Haass: What Golf Teaches Us About Geopolitics

The final and decisive round of the PGA Championship in mid-August unfolded in a manner few had predicted. Tiger Woods, the American who firmly occupies the top spot in world rankings, lost his lead and came in a disappointing second. Padraig Harrington, the defending champion and arguably Europe's best golfer, was in contention until he scored a quintuple bogey 8 on a par-3 hole. And the unheralded Y. E. Yang of South Korea, ranked 110th in the world, came from behind to win. In other words, America faded, Europe collapsed, and Asia emerged.

These trends should sound familiar. Asia is coming out of the economic crisis relatively unscathed; the region as a whole is likely to grow this year by 5 percent, while China booms at 8 percent. The U.S. economy, meanwhile, continues to contract; growth rates won't turn positive until later this year at least, and even then any improvement will be modest. More golf courses closed than opened in the United States in 2008.

Europe is struggling even more: some countries are eking out negligible economic growth, and others are still shrinking. Strategically, the region's demise is even more pronounced. Europe was at the core of 20th-century history; it will not be so in the 21st. Harrington's recent showing is a harbinger.

Golf, in fact, provides more insight into politics and economics than most people realize. Years ago the columnist Thom-as Friedman propounded the "Golden Arches Theory of Conflict Prevention," namely that countries with McDonald's franchises don't fight one another. (Alas, some do—Russia and Georgia, Israel and Lebanon—but Friedman's observation is still useful.) Big Macs, however, are not the only indicator worth noting. Countries that have numerous golf courses tend to be friendlier toward the United States. Governments closing golf courses tend to be the most anti-American of all. Think of it as the fairway theory of history.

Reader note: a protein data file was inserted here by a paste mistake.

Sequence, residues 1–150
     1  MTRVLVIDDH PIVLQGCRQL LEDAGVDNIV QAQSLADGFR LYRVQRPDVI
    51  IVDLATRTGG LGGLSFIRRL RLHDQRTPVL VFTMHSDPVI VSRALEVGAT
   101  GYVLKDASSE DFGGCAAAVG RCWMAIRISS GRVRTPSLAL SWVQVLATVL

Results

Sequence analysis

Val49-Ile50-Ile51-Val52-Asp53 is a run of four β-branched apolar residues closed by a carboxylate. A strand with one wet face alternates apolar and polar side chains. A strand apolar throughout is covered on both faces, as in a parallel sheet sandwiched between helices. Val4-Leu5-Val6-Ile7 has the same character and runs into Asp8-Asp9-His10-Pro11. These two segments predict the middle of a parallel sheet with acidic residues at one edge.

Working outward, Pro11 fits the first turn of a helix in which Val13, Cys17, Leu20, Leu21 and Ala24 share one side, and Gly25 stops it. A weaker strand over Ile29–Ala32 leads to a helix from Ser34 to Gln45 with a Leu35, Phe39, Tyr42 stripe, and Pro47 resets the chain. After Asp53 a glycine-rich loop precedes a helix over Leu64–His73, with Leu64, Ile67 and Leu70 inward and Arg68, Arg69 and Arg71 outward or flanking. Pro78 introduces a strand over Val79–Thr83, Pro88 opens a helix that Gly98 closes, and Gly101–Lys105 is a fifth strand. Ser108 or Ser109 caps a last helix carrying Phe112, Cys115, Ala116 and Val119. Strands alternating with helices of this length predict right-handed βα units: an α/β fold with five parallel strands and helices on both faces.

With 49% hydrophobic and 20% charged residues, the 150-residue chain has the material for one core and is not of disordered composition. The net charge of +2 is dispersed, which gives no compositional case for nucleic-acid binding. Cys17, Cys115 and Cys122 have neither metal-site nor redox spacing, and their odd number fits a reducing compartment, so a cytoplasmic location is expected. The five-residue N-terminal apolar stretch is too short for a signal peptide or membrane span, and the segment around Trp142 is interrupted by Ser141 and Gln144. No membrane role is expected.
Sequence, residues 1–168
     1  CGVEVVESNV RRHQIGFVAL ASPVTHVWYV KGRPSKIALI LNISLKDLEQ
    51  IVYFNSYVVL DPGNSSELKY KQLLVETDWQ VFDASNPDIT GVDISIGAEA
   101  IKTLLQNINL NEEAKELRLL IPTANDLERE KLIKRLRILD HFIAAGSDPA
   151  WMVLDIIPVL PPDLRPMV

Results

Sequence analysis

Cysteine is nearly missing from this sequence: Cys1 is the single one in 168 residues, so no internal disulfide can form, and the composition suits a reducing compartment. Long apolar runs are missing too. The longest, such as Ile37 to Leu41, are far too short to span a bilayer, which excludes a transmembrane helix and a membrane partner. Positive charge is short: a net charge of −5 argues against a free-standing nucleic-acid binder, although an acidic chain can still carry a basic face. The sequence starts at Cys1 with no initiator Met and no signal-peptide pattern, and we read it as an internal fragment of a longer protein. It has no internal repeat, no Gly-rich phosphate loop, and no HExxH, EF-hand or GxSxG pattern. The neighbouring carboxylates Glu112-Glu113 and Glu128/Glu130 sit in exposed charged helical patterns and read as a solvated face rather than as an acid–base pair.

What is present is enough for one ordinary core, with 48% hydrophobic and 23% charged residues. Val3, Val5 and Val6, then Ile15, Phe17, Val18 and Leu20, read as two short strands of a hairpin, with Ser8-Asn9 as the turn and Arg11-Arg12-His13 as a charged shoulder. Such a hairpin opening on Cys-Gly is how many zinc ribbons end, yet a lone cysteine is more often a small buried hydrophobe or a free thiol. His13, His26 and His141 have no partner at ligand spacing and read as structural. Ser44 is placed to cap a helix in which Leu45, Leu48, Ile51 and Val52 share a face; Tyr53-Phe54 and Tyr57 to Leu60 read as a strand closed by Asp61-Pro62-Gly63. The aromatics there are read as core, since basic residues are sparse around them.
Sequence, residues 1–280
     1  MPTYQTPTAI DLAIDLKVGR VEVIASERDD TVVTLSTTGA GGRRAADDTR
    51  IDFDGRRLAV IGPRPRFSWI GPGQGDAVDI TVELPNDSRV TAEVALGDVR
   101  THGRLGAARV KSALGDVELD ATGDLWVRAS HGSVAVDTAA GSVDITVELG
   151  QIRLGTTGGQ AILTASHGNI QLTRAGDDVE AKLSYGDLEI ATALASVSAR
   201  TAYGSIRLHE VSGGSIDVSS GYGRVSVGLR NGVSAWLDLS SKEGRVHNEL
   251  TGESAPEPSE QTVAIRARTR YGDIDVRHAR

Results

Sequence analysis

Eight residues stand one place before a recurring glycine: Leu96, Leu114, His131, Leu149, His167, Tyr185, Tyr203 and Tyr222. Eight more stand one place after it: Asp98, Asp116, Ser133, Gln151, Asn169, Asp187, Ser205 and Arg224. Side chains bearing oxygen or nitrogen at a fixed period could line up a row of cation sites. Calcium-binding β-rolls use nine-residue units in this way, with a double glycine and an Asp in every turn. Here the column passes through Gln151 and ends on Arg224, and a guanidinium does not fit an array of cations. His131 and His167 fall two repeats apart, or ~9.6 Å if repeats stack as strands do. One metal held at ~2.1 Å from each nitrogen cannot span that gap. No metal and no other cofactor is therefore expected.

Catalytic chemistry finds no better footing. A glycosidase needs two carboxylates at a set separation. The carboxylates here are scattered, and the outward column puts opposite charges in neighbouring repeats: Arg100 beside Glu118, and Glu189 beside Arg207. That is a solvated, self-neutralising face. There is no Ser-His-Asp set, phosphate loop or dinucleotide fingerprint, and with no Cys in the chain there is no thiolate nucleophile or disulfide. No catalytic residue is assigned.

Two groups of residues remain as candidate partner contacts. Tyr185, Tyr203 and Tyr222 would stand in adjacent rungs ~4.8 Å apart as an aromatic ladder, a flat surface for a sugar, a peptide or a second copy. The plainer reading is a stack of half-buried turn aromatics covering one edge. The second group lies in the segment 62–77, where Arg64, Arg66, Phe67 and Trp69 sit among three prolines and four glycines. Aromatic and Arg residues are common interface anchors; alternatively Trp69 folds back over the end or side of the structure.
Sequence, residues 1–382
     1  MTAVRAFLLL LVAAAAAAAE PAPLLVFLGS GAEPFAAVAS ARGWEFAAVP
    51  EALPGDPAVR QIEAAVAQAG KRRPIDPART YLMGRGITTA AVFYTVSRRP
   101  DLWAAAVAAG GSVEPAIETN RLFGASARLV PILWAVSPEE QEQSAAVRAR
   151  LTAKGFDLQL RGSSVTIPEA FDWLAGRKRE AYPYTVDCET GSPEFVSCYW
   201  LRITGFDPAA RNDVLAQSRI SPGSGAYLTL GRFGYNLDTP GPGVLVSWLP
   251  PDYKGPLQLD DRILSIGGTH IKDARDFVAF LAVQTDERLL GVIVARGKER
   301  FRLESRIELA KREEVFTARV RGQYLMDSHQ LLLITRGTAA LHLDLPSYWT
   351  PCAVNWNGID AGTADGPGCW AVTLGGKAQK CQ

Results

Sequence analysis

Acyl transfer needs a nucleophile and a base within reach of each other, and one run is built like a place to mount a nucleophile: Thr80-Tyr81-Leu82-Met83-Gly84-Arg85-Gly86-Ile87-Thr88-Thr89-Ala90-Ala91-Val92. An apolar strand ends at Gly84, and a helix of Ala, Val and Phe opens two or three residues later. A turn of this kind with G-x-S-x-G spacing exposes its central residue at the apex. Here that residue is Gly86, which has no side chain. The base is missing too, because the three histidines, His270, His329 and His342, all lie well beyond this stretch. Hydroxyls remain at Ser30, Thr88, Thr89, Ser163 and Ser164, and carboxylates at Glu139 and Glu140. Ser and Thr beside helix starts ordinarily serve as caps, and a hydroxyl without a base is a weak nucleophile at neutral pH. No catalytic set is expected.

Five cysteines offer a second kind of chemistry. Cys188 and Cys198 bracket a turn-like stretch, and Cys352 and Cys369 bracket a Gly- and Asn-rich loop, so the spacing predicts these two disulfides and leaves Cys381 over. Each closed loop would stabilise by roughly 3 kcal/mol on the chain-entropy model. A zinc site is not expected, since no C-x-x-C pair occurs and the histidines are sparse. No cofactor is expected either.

Anyone doubting this need only compare Vietnam and Venezuela. Vietnam, for years a bitter foe of the United States, is now a friend. The clearest evidence of how far things have changed may be the Ho Chi Minh Golf Trail, a route that connects more than a half-dozen luxury golf courses and resorts. (Like its namesake, the golf trail runs north-south, but presumably the resemblance ends there.) On the other hand, Venezuela—led by the ever-hostile Hugo Chávez—has closed several golf courses and is threatening to shut down others. Chávez recently delivered a tirade against golf on national television, deriding it as "bourgeois"—an outlook consistent with his repressive policies, which are driving many middle-class Venezuelans to leave the country. Or take the two Koreas: the closed North is reportedly home to just three courses, while democratic South Korea, a U.S. ally, boasts no fewer than 234.

Chávez is right about one thing: golf is an expression of increased economic and political openness. Ironically, Fidel Castro, the leader Chávez claims to admire most, appears to be moving in that direction. Cuba is developing golf courses, presumably to attract a larger number of tourists if and when the U.S. economic embargo is rescinded and Americans are free to travel to Cuba. If the fairway theory is right, it is only a matter of time before the island becomes more open and more favorably inclined toward the United States. Several other formerly communist countries (or countries less communist than before) are also building golf courses with abandon. China now has more than 300 courses, including no fewer than 12 at one club, the world's largest. The small number of golf courses in Russia and Ukraine is worrisome in this regard.

Golf is also a sign of normalcy. For some two decades, one of the most dangerous pieces of real estate to be found anywhere was Kashmir, the disputed territory that separates India and Pakistan, two nuclear-armed countries with a history of going to war. Five courses are now open in the beautiful valley. Peace may not be quite at hand, but things do seem to be inching in the right direction.

Why is golf associated with so many positive trends? It is not just that the game tends to flourish in countries that welcome tourists, who can bring new ideas along with their bags of clubs. Large numbers of golf courses reflect the emergence of a domestic middle class, the traditional foundation of democracy. And they suggest a society where citizens not only enjoy leisure time but take basic security for granted.

What should all this mean for Washington? President Obama has created high-profile envoys for trouble spots like the Middle East, Afghanistan and Pakistan, and Iran. But perhaps he should spend more time working on his golf game.

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